Pump storage concept draws companies with deep pockets

Pump station taking water from Lake Roosevelt uphill to Banks Lake

The long-wished-for pump storage project that Klickitat PUD has been advocating for nearly a decade may have a new lease on life. We talked to Klickitat PUD director Jim Smith Friday. To hear that interview, click on the grey podcast bar below

FERC is the Federal Energy Regulatory Commission. Rye Development, based in Boston, develops and manages hydroelectric power projects in the United States. National Grid is one of the largest investor-owned energy companies in the world – covering Massachusetts, New York, Rhode Island and the UK.

The Portland Business Journal reports the Goldendale project is largely unchanged from the JD Pool Pumped Storage Project that Klickitat Public Utility District pursued unsuccessfully for several years until 2015. It works by pumping water uphill into a reservoir when energy is cheap and plentiful, and then releasing the water downhill through generating turbines when the energy is needed. The site next to the John Day Dam is considered one of the best for pumped storage in the West, with more than 2,000 feet of vertical rise over barely a mile of horizontal distance. As proposed, the project would produce up to 1,200 megawatts, more than double the power output of the Boardman Coal Plant that Portland General Electric operates in Eastern Oregon, and just over the amount produced by The Dalles Dam.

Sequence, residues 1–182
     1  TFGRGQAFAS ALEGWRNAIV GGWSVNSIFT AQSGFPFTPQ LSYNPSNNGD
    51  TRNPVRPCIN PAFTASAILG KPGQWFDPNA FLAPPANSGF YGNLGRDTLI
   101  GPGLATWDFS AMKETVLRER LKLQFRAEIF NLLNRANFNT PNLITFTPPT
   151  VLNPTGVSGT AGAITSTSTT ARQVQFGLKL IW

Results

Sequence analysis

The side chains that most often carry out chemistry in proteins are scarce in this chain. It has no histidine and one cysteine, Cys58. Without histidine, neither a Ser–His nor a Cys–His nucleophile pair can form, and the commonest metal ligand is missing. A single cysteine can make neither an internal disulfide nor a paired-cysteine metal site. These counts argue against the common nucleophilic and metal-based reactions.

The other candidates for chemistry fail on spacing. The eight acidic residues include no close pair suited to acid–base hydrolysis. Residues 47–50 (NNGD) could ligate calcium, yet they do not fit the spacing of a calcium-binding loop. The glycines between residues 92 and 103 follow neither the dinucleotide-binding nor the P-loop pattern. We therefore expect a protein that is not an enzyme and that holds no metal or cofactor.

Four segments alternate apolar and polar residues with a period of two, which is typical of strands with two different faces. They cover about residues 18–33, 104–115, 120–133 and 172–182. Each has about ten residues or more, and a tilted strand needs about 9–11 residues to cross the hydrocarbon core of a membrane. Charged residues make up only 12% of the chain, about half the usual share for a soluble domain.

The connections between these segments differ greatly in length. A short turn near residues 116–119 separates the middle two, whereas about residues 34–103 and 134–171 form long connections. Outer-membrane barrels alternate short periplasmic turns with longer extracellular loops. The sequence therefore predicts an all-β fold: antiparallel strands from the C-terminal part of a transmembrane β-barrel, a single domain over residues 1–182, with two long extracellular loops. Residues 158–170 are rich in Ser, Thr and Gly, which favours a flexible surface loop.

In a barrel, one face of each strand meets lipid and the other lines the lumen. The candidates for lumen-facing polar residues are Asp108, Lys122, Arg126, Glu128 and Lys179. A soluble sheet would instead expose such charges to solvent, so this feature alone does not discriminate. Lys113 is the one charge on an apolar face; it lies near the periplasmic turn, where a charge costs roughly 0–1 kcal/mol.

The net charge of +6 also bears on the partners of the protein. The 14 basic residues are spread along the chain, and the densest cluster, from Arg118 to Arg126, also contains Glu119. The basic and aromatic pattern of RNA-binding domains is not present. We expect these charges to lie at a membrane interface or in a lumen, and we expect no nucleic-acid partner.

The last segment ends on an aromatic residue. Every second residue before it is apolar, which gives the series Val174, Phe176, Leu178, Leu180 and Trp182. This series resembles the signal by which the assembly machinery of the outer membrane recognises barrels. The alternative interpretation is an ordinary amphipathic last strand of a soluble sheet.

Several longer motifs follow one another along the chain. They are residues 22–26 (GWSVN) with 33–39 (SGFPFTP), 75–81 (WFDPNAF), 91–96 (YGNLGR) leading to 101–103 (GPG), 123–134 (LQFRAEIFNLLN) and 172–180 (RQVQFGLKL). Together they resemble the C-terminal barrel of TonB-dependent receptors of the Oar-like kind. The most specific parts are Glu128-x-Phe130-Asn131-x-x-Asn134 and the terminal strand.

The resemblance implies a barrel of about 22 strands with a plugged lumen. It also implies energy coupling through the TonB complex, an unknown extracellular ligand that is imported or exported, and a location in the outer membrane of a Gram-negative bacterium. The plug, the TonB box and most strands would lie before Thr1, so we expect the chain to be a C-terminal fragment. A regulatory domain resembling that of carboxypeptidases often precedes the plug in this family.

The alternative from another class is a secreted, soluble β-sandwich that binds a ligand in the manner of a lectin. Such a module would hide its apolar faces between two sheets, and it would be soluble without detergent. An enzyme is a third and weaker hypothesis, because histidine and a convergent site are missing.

Klickitat PUD, which holds the water rights, is still a participant. One major change is that the earlier project ran aground because federal regulators feared the lower reservoir would conflict with the cleanup of the shuttered Columbia Gorge Aluminum smelter. The new application includes a letter from Washington’s Department of Ecology attesting the department “is supportive of the proposed project and believes that it will not hinder the cleanup process.”